Aug 012012

When you work in customer service you quickly learn that some people are just rude jerks. Depending on how bad a day you have it could be 2, 5 or 10% of the population.

For these people the Internet has been a paradise with almost anonymous forums and newsgroups allowing them to be rude and obnoxious with little risk of being held accountable for their spiteful behaviour.

One of the hopes of social media services was that forcing people into using accounts tied to their real identities would impose some self discipline among these trolls and haters,

Sadly The argument that verified identities would stop people being irresponsible is wrong.

The sad story of seemingly mature people insulting and wanting to beat up a five year old participant on a reality TV show illustrates how manners, good taste and style are beyond some people.

It’s depressing, but unsurprising that this demographic can’t figure out that ‘reality’ TV shows are anything but real. The programs are carefully edited to suit the dramatic narrative of the producers with some of the participants being portrayed as villains and others as heroes.

The little girl in question could be in a spoilt little brat, but you’d want to be careful making that judgement from what you see on TV.

Many would put the spiteful behaviour of the Facebook commentors down to being another example of social media destroying our society, but this behaviour pre-dates the web.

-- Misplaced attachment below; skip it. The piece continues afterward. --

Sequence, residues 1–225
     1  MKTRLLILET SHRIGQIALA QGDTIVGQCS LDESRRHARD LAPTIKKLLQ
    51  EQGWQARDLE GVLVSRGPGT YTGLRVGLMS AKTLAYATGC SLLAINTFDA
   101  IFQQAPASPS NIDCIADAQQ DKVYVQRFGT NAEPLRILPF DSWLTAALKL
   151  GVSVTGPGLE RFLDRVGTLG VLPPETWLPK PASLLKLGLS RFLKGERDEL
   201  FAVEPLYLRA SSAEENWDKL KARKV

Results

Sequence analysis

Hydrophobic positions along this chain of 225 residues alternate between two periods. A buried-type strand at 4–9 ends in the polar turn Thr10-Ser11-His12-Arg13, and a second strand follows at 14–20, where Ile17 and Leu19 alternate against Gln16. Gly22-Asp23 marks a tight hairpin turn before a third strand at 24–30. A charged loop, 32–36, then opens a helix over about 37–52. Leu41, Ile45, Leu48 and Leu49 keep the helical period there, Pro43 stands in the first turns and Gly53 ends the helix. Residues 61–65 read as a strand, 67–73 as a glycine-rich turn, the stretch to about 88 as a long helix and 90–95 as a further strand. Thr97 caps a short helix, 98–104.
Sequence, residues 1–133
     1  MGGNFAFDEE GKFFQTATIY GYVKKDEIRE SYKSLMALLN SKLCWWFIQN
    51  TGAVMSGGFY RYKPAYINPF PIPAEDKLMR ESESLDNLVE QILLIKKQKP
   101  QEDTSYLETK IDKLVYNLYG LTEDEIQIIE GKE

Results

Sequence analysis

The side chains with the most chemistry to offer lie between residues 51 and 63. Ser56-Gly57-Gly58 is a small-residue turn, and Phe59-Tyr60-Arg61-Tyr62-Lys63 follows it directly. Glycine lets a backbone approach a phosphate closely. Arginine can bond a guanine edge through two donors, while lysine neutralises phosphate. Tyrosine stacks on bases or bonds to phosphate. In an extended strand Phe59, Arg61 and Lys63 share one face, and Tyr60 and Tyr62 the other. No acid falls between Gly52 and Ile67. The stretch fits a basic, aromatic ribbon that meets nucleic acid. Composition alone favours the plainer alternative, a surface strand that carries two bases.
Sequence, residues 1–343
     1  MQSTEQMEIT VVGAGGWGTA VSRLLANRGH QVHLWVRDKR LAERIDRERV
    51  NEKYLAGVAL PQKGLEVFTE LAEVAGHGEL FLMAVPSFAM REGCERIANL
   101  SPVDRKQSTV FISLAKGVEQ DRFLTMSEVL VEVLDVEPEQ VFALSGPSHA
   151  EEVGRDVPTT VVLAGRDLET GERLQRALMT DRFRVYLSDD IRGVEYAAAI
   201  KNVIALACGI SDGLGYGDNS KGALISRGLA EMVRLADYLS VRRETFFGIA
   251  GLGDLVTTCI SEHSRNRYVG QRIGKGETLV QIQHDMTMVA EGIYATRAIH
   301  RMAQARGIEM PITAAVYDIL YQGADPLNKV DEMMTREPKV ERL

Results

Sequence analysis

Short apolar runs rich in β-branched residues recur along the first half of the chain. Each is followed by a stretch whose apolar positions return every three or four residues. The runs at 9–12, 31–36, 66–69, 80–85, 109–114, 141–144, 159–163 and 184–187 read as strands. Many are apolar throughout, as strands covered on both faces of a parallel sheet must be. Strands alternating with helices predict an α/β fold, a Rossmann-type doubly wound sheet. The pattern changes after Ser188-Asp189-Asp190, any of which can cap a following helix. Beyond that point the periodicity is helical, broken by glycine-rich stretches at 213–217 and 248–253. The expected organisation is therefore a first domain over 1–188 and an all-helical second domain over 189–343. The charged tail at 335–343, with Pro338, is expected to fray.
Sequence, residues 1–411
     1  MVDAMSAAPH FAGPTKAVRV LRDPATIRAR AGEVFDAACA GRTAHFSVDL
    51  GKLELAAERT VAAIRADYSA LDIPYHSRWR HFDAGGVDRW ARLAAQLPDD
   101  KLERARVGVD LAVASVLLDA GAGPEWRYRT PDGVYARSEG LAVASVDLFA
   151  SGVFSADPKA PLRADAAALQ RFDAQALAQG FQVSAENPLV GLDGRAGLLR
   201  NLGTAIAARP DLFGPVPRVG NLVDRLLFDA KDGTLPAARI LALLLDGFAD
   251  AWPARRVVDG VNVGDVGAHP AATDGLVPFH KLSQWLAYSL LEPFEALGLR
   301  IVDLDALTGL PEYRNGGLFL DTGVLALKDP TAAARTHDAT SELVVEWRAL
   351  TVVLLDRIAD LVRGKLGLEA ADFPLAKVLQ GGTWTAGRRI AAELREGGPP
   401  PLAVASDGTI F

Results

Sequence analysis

In the 1990s we saw a similar wave of insults aimed at President Clinton’s then teenage daughter Chelsea. In many ways it was far worse in what we are seeing today in that those encouraging that behavior were the leaders of political parties and their ideological fellow travellers in the media.

The abuse of Chelsea Clinton marked the rapid decline of standards in politics that leaves many of us now sickened by the behaviour of all parties – and that of the media that treats their shenanigans seriously.

Notable about the raucous political partisanship is that most participant are happy, even proud, to be named as they debase the institutions they’ve been elected to represent.

The reason is they aren’t accountable, they know most of us are rusted on voters and the few that aren’t can be conned long enough by expensive advertising campaigns to get them elected.

Should they not get elected, they’ll be welcomed into the arms of their corporatist friends who will find them a nice sinecure on a board, committee or think tank.

The real reason people act like jerks is because they think they aren’t accountable – the politicians know they aren’t and most Facebook users figure the odds are in their favour that they’ll never be held to account for their boorish behaviour.

Anonymity is the reason for bad manners on the net, accountability is. While our society doesn’t make people accountable for cruel, rude or corrupt behaviour then these people will thrive. With or without the internet.

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